Introduction: Hanging Plant Light
My wife and I were renovating our living room, and looking for a way to add more plants to our home without taking up too much floor space, as well as have more light by our windows. We designed a hanging planter that gives light to the plant and to the room, and additionally has plenty of space for water so we can go on a holiday without worrying about watering the plants (or otherwise kill our plants, by forgetting to water them every week.)
Using this design you can grow plants anywhere you like in your home! Put a few over your work desk or dinner table, it doesn't need to be near a window. The plants won't even take up space on your table, and you get a bit of extra light too.
Step 1: Bowl
- Get a stainless steel salad bowl. It's important that it is really stainless as this will be holding our water.
- Make holes for rings to hang the bowl by. I found it easiest to punch the hole with an iron nail. I used four wires to hang the planter.
- Add rings to the holes.
Step 2: Lights and Wires
- Glue led strips inside the bowl. I'm using two strips with different light colors. The other one is used during daylight, and the other one gives a warmer color during evening time. I'm using an aquarium led timer that automates ramping up the lights smoothly every day, and dimming them for the evening.
- Tie wires into the rings. Here we use 2.5mm2 gauge speaker wire. It's sturdy enough to hang the heavy plant and water, and additionally we get the 12v electricity to the led strip through it. Remember: Use a transformer, and not mains voltage - that could kill you.
- Solder each of the wires to the led strips. To make the connection more secure I also hot glued the ends of the wires down so that moving the planter is less likely to dislodge the soldered joint. It's important that the knot tied at the rings, and not the solder joint, carries the weight of the planter.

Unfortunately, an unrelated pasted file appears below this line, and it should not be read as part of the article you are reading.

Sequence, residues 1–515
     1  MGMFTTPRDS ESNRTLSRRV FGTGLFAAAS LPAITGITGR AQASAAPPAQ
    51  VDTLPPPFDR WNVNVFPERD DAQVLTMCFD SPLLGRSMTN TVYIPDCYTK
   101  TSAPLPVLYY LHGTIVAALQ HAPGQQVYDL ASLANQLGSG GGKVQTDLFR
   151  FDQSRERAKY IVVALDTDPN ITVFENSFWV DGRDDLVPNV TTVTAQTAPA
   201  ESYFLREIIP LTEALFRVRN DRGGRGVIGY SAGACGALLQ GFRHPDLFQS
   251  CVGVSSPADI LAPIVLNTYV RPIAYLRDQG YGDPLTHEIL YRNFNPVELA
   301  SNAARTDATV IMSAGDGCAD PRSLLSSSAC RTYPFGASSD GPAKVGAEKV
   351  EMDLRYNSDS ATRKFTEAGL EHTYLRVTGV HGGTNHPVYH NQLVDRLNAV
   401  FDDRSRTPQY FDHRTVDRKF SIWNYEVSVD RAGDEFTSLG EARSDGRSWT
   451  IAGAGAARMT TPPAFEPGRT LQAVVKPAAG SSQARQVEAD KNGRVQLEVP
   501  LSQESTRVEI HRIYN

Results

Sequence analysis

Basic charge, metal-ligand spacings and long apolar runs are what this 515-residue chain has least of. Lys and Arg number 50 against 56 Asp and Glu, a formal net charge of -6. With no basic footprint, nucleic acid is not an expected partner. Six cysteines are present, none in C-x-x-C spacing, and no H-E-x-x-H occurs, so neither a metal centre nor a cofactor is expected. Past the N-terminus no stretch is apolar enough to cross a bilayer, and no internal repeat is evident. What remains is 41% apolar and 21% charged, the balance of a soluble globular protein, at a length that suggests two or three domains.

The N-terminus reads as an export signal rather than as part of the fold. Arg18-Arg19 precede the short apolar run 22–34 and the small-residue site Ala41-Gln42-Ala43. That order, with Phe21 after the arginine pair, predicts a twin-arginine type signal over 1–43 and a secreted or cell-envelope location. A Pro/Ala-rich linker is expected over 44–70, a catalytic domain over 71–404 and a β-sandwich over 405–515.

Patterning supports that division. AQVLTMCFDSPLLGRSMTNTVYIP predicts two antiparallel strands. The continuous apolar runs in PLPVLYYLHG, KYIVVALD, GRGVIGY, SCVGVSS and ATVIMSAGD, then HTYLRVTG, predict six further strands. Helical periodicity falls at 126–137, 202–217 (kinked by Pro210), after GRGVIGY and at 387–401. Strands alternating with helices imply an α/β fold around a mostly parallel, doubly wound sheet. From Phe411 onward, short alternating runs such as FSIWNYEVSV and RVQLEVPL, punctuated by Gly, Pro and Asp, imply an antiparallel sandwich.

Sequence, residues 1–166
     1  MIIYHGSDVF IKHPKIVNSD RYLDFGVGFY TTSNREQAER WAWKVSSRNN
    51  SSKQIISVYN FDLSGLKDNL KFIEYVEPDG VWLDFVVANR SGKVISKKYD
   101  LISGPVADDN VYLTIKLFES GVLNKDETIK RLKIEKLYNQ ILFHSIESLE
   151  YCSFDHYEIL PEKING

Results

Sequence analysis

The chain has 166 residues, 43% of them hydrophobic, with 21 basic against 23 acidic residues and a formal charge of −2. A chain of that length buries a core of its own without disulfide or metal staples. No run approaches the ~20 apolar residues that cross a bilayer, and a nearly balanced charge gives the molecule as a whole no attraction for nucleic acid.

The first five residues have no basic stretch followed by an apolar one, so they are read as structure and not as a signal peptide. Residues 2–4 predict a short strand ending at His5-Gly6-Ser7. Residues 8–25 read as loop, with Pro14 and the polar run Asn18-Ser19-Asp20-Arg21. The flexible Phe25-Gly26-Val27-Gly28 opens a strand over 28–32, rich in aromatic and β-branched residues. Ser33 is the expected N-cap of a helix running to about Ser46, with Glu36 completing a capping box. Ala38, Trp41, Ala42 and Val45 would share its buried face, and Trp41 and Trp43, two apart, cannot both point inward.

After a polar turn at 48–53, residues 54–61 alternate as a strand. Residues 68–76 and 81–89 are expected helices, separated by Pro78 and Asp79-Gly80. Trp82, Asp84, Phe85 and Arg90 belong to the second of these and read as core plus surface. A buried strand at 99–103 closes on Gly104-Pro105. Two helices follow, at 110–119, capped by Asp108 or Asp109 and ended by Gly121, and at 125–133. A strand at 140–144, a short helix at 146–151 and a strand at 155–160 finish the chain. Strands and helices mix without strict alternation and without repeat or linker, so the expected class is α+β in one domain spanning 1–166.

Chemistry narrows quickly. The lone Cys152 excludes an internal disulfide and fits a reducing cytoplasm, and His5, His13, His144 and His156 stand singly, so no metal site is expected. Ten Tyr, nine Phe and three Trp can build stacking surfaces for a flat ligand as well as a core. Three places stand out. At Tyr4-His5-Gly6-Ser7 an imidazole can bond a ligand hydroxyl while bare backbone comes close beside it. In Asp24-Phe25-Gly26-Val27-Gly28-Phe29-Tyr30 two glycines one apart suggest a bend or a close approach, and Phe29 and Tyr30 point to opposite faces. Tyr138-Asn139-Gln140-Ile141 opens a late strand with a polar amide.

Step 3: Self Watering Planter
To put the plant in I bought an off-the-shelf sub irrigating planter, sawed it to fit inside my salad bowl, and made a hole through the bottom. Then, using a soldering iron I welded the wicking part (the black cup in the middle) under the planter. You can take any old plastic container you might have that fits in your bowl, then weld on a plastic cup with small holes near the bottom that leads to the bottom of the bowl to wick in the water. I added a pipe for watering, but you can also top up the water from the edges of the bowl.
Step 4: Plant Your Plants
Thing's I've learned from using self watering containers.
- A sub irrigating planter will keep your soil constantly wet. Not all plants like that. By chance I happened to select plants that seem to thrive in these planters: Spider plant, Polka dot plant, Chinese Money Plant, and some others I can't seem to name. If your plant dies in your sub irrigating planter, choose a plant that likes its soil wet.
- There are special soil mixes available for sub irrigating planters. I've found that they still don't make the soil airy enough for some plant species. The type of soil might make a difference for some types of plants though.
Step 5: Final Thoughts
Before posting this I wanted to be sure the planters really do their job and keep the plants happy. By comparing these pictures you can see how much the plants grew in almost exactly a year. This growth took place in Central Finland, a country with a Northern climate, and very little natural light during the winter months. We've actually been quite surprised by how much the plants seem to like their pots, seeing as we're definitely not expert gardeners! :)
Thoughts on our plants and their care regimen:
- We top the water about once a week, sometimes there's been even two weeks in between. It's very important not to put in too much water (or your plants might choke), the maximum amount to fill is just below the bottom of your soil reserve. That way there's plenty of air in contact with your water reserve, and the soil doesn't sit in the water.
- I didn't add any fertilizers during the first year since the plants seemed to grow well enough without any. I think I might start adding some in their water every now and then to keep them happy, but they're really big enough already.
- The chinese money plant likes to grow leaves right against the led strips. It's a dumb move, since the leaves touching the leds dry out and die soon. So don't go overboard with your lighting: Even though the steel bowl cools the leds down, they can get quite warm.
Thanks for taking an interest in our plant light project! Happy planting!
Ville - full time indie game developer (www.instantkingdom.com), part time crazy indoor gardener. :)
Runner Up in the
Indoor Plants Challenge